Intro: “Thy Kingdom Come”

For over 30 years, I have been fascinated by and have studied Bible prophecy. One of the best lessons that I was taught years ago is to stick with what the Bible has to say, or at least what people say the Bible has to say. If you follow that advice, like me, you’ll stay away from non-Bible sources, including Nostradamus, the ancient Aztecs, Zoroastrian teachings, or even Tarot cards, astrology, and online psychics.

The Bible has a 3,500-year history of faithfully predicting future events. This is called Bible prophecy, and more than 25% of the Bible is actually prophetic.

There are too many churches and clergy who stay away from Bible prophecy. Perhaps they find it too unsettling or too sensational. Many may not have tried to apply what they know about the accepted rules of Bible interpretation. If you call yourself Catholic or Christian, there are actually three principles of Bible prophecy that I follow that align perfectly with the way we interpret the rest of the Scriptures. I may not always mention them, but I will always maintain them.

Three Principles Regarding Bible Prophecy:

1) Thy Kingdom Come: These three words are from the “Our Father” and they remind us that the prophecy of the coming kingdom and the second coming of Jesus are integral parts of the prayer that Jesus taught us to pray! Every time we pray this prayer, also called the “Lord’s Prayer,” these words of Jesus, "Thy Kingdom Come, Thy Will Be Done," tell us that there is a kingdom that is coming, and it is something that we should pray for daily.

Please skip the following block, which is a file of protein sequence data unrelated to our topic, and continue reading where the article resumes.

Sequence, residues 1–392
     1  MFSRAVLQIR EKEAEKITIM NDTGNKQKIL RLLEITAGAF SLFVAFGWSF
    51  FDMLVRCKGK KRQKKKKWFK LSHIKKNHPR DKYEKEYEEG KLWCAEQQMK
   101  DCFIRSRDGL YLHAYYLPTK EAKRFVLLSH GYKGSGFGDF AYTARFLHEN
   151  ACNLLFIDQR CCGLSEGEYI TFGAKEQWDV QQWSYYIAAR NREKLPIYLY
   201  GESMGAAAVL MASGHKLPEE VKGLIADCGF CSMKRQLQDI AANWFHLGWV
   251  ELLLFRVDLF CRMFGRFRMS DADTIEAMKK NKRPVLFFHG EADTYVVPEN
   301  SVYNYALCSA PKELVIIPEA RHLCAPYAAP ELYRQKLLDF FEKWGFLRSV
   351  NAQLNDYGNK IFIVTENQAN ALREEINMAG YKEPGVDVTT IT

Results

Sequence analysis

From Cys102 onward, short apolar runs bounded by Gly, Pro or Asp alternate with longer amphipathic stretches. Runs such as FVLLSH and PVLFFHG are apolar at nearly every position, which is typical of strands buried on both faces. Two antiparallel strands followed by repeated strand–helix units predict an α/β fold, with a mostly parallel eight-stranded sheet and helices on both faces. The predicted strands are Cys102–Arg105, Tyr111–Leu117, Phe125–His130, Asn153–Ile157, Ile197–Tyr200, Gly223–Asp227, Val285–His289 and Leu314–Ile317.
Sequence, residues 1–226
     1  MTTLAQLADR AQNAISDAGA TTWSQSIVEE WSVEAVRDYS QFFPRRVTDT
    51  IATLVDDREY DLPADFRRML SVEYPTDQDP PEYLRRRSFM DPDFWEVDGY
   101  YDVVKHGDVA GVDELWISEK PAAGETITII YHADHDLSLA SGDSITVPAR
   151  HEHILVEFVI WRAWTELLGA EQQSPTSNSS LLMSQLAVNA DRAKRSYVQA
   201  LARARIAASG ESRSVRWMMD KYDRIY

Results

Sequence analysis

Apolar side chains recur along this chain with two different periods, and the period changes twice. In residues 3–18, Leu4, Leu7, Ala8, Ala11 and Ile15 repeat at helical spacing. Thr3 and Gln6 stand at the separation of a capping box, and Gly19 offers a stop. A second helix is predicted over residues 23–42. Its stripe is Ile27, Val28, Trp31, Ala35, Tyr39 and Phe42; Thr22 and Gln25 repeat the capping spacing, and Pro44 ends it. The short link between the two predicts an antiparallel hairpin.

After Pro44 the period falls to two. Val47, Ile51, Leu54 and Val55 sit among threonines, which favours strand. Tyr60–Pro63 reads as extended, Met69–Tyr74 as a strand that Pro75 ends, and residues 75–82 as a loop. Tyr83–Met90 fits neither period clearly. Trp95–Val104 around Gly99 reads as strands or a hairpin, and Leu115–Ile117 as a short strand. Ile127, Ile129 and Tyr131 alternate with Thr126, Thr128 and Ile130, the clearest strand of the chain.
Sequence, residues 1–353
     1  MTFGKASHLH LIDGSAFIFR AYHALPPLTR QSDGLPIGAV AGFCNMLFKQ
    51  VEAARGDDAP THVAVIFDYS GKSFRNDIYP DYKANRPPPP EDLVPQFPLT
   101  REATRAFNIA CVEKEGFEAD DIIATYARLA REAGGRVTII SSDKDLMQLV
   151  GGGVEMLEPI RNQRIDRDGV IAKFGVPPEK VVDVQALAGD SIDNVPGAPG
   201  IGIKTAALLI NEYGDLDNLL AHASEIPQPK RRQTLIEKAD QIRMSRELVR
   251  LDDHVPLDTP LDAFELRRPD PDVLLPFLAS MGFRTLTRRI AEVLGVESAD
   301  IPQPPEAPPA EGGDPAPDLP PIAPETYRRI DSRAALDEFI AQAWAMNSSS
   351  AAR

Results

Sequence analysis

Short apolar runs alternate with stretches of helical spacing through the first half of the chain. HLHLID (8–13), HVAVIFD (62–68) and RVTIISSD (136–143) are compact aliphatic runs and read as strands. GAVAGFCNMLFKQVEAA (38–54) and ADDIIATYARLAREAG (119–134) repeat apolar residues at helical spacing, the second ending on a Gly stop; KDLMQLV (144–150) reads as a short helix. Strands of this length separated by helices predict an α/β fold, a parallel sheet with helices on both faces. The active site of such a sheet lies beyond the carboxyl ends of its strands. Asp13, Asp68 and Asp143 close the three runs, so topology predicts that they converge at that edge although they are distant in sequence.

2) Prophecy is profitable: The Bible tells us that “all scripture is inspired by God and is useful for teaching, for refutation, for correction, and for training in righteousness” (2 Timothy 3:16).  We need to be reading prophecy in order to be complete and to be ready. As prophecy comprises so much of the Bible—nearly one out of every three to four verses—if we ignore prophecy or avoid it, we miss a huge part of the words in the Bible that were given for our benefit.

3) The Second Coming of Jesus is the "Blessed Hope." The Apostle Paul spoke often of the second coming of Jesus and called it the "blessed hope." He encouraged the church by saying “as we await the blessed hope, the appearance of the glory of the great God and of our savior Jesus Christ” (Titus 2:13). We’ll talk a little more about this "blessed hope" and His "glorious appearing" a little later in this book, and we’ll find that it is something we embrace, not something to be feared.

So, as we study prophecy through the chapters of this book, we’ll always remember these three bedrock principles. You will hear me mention them again.

As I mentioned earlier, the title of this book is "A Coming Apocalypse: The Catholic Bible Has The Answer,"  that intentionally uses a misunderstood word, the word "apocalypse." The Apocalypse is really not an event; it is the ancient title of the last book of the Catholic Bible. As you progress through the pages of this book, you’ll discover that the terms "last days," "second coming," and "end of days" are terms that are used to refer to events immediately preceding and following what are more appropriately called the tribulation, also known as the seven-year tribulation or sometimes the Great Tribulation. 

(The above is from the introduction to the new book ""A Coming Apocalypse: The Catholic Bible Has The Answer" 

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